Quick: Name last year's Oscar winner for Best Foreign Language film. Nothing leaping to mind right away? Okay, then name any one of five films nominated in that category. Drawing a blank? Don't feel bad. You're not alone. Odds are, even the list of answers won't look all that familiar with the possible exception of Jaques Audiard's elegiac prison drama, "A Prophet."
For years, foreign film buffs and indie film producers have grumbled that the best foreign films rarely place among the five nominees for the Academy Award for Best Foreign Language Film. Instead, more often than not, through a byzantine selection process, the members of the foreign film committee seem to studiously avoid selecting a field of contenders that includes films U.S. audiences actually went to see.
This year was no different. As The New York Times' A. O. Scott pointed out in a fascinating piece about why foreign films have gone missing from Stateside theaters, the Academy neglected to recognize many of 2010's most critically and commercially acclaimed films, including this year's Golden Globe winner, "Carlos" by visionary French filmmaker Olivier Assayas. Scott goes on to discuss the many deserving films the Academy has overlooked due to an inefficient and outdated system of whittling the vastness that is global cinema into a manageable field of eligible titles.
Among the Academy's most glaring omissions from this year's list of foreign film nominees -- and one Scott fails to mention -- is that not one of the films based on Stieg Larsson's Millennium Trilogy made the cut. Mind you, we know the Oscars is not a popularity contest -- at least not explicitly. But it seems a gross oversight to ignore a tectonic cultural event of this magnitude. Put another way: Americans have become among the most notoriously subtitle-allergic moviegoers on the planet. But these three pitch-black Swedish language films managed to break through that resistance among the first foreign films to break through that resistance in a long time and collectively grossed nearly $24 million at the box office. That kind of deep impact isn't possible without effective storytelling. That's got to be worth at least a shout-out on Oscar night.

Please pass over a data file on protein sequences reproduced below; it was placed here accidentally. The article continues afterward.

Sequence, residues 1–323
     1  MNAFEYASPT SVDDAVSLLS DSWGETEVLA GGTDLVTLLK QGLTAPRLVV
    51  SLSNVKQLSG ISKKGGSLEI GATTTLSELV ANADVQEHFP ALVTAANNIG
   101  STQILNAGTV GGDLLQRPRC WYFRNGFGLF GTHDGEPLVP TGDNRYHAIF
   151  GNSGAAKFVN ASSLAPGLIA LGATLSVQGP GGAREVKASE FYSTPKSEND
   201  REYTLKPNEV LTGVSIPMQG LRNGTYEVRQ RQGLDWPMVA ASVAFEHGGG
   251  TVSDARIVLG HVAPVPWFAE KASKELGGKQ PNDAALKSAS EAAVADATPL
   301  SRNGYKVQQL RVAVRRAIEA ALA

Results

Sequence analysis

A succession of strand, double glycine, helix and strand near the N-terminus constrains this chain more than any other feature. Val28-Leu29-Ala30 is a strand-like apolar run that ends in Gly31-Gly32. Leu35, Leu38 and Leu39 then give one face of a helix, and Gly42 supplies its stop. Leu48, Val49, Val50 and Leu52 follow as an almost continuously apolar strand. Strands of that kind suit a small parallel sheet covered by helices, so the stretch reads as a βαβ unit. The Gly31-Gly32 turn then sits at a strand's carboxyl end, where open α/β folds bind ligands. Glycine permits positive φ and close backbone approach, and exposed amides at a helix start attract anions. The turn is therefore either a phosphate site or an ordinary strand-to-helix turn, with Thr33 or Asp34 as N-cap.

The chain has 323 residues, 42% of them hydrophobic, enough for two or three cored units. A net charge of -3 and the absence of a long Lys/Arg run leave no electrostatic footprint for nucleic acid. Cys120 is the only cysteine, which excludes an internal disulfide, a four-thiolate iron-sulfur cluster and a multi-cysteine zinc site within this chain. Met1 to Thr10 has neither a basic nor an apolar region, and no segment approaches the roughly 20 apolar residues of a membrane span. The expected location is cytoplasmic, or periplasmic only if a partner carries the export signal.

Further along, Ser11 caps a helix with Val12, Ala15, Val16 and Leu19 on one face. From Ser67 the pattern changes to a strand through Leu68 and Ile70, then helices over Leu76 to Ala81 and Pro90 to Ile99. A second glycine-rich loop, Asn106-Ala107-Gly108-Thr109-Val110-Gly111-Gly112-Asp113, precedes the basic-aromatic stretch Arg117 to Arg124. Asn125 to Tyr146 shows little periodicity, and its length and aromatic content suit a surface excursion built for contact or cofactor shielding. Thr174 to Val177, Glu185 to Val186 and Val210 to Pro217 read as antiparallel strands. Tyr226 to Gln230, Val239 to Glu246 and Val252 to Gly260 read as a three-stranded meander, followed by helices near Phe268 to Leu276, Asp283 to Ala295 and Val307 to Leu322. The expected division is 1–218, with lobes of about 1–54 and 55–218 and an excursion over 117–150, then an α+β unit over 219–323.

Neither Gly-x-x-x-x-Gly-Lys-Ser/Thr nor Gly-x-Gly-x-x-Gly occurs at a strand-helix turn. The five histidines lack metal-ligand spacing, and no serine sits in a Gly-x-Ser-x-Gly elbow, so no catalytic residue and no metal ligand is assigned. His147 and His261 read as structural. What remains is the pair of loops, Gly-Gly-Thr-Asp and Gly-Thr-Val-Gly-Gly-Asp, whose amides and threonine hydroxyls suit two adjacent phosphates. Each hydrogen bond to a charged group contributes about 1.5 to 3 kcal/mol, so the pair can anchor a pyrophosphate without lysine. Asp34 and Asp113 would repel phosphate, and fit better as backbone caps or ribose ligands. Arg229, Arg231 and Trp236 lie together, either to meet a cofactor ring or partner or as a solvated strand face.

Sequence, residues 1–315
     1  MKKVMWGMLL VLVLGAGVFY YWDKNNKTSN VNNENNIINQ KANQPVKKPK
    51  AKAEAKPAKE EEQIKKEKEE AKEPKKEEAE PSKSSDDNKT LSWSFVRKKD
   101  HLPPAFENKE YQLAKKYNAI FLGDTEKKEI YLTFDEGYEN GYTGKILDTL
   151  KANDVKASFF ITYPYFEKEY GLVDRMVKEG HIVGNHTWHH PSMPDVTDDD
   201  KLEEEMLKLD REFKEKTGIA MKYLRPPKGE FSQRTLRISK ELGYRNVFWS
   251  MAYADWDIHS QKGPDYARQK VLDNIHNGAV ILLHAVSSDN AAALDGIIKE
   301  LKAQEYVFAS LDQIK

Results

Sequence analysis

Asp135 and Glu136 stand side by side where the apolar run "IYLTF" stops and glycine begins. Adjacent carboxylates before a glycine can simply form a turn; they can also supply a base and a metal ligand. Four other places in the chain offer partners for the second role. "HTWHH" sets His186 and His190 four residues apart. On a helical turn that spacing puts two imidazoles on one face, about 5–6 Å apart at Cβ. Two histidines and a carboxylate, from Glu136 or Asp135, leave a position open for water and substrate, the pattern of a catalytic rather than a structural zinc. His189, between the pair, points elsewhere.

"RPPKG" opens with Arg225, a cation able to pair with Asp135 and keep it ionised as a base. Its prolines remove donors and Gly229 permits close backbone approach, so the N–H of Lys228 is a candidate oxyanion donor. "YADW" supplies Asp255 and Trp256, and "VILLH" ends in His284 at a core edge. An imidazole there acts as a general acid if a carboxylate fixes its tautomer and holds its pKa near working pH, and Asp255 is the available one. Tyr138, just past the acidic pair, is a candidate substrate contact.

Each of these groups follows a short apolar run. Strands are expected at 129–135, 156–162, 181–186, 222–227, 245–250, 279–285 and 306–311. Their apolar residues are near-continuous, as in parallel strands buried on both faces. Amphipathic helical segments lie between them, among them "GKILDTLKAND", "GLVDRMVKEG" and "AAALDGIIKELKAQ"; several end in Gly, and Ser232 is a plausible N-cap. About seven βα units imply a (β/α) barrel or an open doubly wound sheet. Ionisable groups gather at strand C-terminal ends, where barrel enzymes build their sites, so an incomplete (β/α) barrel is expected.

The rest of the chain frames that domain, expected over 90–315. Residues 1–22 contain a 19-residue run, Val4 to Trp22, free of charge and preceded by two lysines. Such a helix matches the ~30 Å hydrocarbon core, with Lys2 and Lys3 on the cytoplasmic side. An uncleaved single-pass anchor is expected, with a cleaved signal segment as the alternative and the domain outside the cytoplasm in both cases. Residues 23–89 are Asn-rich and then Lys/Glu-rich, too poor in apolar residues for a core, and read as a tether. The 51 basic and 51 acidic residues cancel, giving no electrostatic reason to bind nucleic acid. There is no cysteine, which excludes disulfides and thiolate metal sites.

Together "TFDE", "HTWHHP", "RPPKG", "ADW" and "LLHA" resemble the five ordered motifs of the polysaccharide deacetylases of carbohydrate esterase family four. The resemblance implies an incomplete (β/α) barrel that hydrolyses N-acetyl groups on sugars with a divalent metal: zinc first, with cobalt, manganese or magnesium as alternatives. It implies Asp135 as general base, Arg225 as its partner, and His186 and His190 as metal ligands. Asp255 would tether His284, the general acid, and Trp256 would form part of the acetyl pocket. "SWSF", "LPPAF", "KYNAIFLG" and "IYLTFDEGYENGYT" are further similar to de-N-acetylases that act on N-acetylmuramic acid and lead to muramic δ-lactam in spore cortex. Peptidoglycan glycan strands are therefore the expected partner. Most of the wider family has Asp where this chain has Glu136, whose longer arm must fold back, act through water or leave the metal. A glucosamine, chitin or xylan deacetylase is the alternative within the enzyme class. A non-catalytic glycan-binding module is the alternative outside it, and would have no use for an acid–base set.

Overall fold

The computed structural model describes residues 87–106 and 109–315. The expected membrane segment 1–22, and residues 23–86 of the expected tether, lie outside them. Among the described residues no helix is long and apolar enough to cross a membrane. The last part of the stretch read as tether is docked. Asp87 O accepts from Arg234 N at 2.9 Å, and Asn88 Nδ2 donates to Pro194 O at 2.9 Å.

Setting Millennium aside for a moment, the foreign film category has been a battleground in recent years. Small distributors have been lobbying to loosen the requirement stipulating that each eligible film must receive a theatrical U.S. release. In the age of instant streaming and Video on Demand, this stipulation has lost its relevance if not its usefulness. Then there's the notoriously contentious (and, some say, arbitrary) allotment of only one Oscar-eligible film per country. That has meant that many deserving films from countries with thriving film industries -- like France, Korea, Germany, and Mexico -- were never even in the running for a nomination.
As a result, this Oscar watcher has spent too many Oscar broadcasts without any real rooting interest in the foreign film category and wondering why the best subtitled films seem to be missing from the proceedings. Here are a few that immediately leap to mind: Mira Nair's "Monsoon Wedding"; Guillaume Canet's adaptation of Harlan Coben's novel Tell No One; Anna Boden and Ryan Fleck's "Sugar"; Olivier Assayas' "The Summer Hours"; and Matteo Garrone's riveting Mafia saga, "Gomorrah," based on journalist Roberto Saviano's 2006 bestseller, which prompted the Sicilian mob to order a hit on him.
Is any of this striking a nerve with you foreign-film buffs? Have you found that many of your favorite subtitled films are MIA on Oscar night? If you had to nominate the five foreign films from the past decade that most deserved a shot at the award, what would they be?
Photos: © Music Box Films (Girl Who Kicked the Hornet's Nest) and ©A.M.P.A.S.® (Oscar statuette)